Though all curves for 10-keV electrons follow the self-dose exponential curve at low dose (Fig. 5A), they increasingly deviate from this curve as the activity distribution becomes increasingly nonuniform (i.e., as σ increases from 0.6 to 1 to 2). However, as the electron energy is increased, the effect of the nonuniformity is minimized because the cross-dose becomes the dominant factor in dictating the shape of the response curve (Figs. 5B–5D). At intermediate electron energies (30–100 keV), both the self- and the cross-doses play important roles in the shape of the curves. However, at high energies (1,000 keV), the cross-dose is fairly uniform and, because the self-dose becomes insignificant, the curves do not depend on the activity distribution. In fact, all 4 curves in Figure 5D (1,000 keV) follow the cross-dose exponential curve (D_{37,cross}), with the exception of a small deviation caused by the reduced cross-dose along the edges of the simulated geometry.

This understanding of the dependence of the shape of the survival curve on activity distribution facilitates explanation of Figures 4B–4D. When the activity distribution is uniform (Fig. 4A), the surviving fraction increases with increasing electron energy because of the corresponding increased contribution of the less radiotoxic cross-dose (D_{37,cross} = 4 Gy) relative to the more radiotoxic self-dose (D_{37,self} = 1.2 Gy). A small increase in nonuniformity causes a substantial change in the survival curves for low-energy electrons (10 and 30 keV) but little change in the shape of the survival curves corresponding to high-energy electrons (100, 300, and 1,000 keV). In Figure 4C, which represents results for a lognormal distribution when σ equals 1.0, the same pattern emerges, but the changes in curve shapes for low-energy electrons become even more significant. Finally, dramatic changes in the response to low-energy electrons are manifested when the shape parameter is increased to σ equals 2.0 (Fig. 4D). In this case, notable changes are also observed for 100-keV electrons. The responses to 300 and 1,000 keV remain unaffected by the activity distribution because of the long range of these electrons in water and their high penetrability through the ligaments of the Cytomatrix scaffold.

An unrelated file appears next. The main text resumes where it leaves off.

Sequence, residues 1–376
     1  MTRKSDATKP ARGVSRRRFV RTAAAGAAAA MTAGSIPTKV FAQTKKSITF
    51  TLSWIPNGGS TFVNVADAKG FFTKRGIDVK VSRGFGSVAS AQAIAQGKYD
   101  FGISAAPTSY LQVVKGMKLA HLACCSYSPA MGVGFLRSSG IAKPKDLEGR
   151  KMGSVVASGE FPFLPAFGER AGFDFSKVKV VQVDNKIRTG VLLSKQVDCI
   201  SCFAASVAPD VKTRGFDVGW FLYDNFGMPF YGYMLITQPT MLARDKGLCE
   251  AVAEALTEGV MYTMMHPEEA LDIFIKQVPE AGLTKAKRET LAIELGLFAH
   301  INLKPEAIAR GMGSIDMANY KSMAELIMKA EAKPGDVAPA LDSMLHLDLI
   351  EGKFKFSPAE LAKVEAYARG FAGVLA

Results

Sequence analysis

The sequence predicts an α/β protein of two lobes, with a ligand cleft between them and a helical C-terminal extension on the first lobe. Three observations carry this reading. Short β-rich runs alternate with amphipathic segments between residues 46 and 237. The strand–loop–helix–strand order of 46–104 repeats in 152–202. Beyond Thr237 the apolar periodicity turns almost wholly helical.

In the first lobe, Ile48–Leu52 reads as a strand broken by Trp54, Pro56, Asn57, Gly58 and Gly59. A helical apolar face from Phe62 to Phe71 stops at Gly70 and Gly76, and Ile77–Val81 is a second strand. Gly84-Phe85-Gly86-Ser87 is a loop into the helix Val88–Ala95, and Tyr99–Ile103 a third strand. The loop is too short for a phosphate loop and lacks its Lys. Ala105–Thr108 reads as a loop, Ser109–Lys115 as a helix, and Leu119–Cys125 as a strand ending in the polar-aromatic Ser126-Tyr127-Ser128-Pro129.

## CONCLUSION